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How - and Why - M&A Deals Are Getting Done Now

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NEWPORT BEACH, Calif. - Thinking of buying or selling an RIA? The advisory industry’s impressive growth record -- and potential for continued success – likely makes this a great time to pull the trigger.

That was the takeaway from Dan Seivert, chief executive of Echelon Partners, the investment bank specializing in mergers and acquisitions that sponsors the annual Deals and Deal Makers Summit, speaking at the conference’s opening session.

Seivert pointed to an array of statistics detailing strong growth trends for professionally managed assets in the U.S. (estimated to double to $46 trillion in 14 years), assets per advisor (estimated to increase around 80% to $136 million by 2027) and number of millionaire households (up by 500,000 each year for the past three years).

The impact, he said, has been a “great backdrop for transactions.”


Seivert estimated that the volume of deals publicly reported was anywhere from one-third to one-tenth less than those which are actually being done. According to Charles Schwab Advisor Services, 37 transactions were completed through June this year, up from 29 during the same period last year.

Many buyers are seeing impressive gains on their investments, according to Seivert, and some private equity firms that have invested in RIAs have seen internal rates of return of over 30%. Potential sellers are also benefitting from relatively strong markets and record revenues and profits. Many can continue to reap the rewards of a steady or growing cash flow, without pressure to sell, Seivert pointed out, or can take advantage of generally high valuations if they do decide to sell.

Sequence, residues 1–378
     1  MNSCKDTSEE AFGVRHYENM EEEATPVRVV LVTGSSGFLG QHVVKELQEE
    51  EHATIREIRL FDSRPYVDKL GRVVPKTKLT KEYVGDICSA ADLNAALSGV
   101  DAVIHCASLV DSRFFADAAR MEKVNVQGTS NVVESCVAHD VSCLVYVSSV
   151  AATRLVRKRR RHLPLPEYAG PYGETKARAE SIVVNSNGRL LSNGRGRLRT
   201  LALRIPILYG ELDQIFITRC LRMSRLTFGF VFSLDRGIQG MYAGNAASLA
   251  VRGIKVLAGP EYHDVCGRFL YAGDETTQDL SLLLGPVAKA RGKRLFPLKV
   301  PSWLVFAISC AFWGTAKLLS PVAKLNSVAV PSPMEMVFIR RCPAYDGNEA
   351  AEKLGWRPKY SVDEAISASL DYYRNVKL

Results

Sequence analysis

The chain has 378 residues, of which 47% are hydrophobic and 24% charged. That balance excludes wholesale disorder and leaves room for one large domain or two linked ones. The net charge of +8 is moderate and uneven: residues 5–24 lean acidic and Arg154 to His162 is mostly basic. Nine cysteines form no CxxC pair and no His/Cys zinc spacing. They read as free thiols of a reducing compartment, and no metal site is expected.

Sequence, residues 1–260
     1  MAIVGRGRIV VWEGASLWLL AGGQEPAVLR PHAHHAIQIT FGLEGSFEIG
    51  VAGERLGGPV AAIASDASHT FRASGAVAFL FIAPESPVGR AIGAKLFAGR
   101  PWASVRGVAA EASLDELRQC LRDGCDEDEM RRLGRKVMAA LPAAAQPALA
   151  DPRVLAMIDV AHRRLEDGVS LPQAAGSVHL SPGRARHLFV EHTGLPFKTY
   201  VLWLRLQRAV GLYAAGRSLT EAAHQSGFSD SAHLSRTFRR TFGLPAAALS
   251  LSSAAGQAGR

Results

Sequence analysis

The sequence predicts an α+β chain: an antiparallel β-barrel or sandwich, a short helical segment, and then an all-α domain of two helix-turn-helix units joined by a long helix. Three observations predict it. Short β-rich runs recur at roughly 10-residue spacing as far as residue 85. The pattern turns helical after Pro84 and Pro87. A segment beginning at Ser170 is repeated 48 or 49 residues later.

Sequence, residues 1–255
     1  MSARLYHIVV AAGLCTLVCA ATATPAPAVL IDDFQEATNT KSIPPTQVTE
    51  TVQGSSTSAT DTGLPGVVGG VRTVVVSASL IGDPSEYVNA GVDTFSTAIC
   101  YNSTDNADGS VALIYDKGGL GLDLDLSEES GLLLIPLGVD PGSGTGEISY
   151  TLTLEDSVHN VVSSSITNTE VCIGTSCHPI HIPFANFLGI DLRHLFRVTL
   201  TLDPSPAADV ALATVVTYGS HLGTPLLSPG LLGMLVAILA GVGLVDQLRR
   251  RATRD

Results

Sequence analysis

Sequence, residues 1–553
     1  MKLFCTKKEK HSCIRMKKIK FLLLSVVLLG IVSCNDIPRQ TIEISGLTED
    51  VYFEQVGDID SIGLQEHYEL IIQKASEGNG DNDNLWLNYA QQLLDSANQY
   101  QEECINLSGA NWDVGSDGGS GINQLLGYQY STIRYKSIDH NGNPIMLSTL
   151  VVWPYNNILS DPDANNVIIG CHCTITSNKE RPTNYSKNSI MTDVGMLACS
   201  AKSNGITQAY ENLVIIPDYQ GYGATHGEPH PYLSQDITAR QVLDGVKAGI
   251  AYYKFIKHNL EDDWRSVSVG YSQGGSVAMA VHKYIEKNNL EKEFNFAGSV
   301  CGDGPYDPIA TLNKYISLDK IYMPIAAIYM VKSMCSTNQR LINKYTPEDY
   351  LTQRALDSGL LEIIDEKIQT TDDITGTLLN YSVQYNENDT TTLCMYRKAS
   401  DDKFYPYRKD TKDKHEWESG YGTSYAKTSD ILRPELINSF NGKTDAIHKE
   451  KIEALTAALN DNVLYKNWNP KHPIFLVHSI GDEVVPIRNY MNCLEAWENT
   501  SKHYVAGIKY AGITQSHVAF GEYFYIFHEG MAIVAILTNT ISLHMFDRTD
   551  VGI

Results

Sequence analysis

The primary buyers of advisory firms are RIAs, banks and roll-up companies like Focus Financial and United Capital, according to Seivert. Buyer demand is less robust than commonly perceived, he maintained, and diluted by “a lot of pretenders.”

Buyers are increasingly using “tuck-ins,” or smaller deals where a larger advisory firm brings in either a solo practitioner or a small team from another RIA that can be on-boarded relatively easily.

“Bigger firms are growing rapidly and they have more slots they can fill and more money and they can spend or equity they can distribute,” Seivert explained. “They also want to do tuck-ins to add new services to their offerings or to expand geographically.”


The supply of sellers at the high end of the market -- firms with over $1 billion in assets under management -- is very low, and mid-range RIAs with between $500 million and $1 billion in AUM for sale are also in short supply, according to Seivert. The supply of firms with between $100 million and $500 million in assets is “fair,” he added, while small RIAs with less than $100 million in AUM are the most abundant.

Some owners want to take advantage of higher valuations from strong growth and have received an offer too good to pass up, Seivert said. Others sell because they don’t have a suitable internal successor or don’t want to do all the work required in a succession plan, he added. An increasing number of older advisors are looking carefully at the economic cycle, Seivert said. Many are fearful they may be caught short by a bear market, don’t want to risk losing their high valuations or wait out a possible downturn.


For many deals, the tried and true metric of two times revenue is still used often, according to Seivert. “It might not be the best choice on the menu,” he said, “but it’s the one ordered most often.”

Valuations based on multiples of EBITDA or cash flow and that include growth and the underlying quality of the firm are usually more realistic and are becoming more widespread, Seivert said. Some industry executives have advocated valuing firms by using discounted cash flow, but Seivert said that approach was problematic because “there’s not a real good way to determine the appropriate discount rate for cash flow.”

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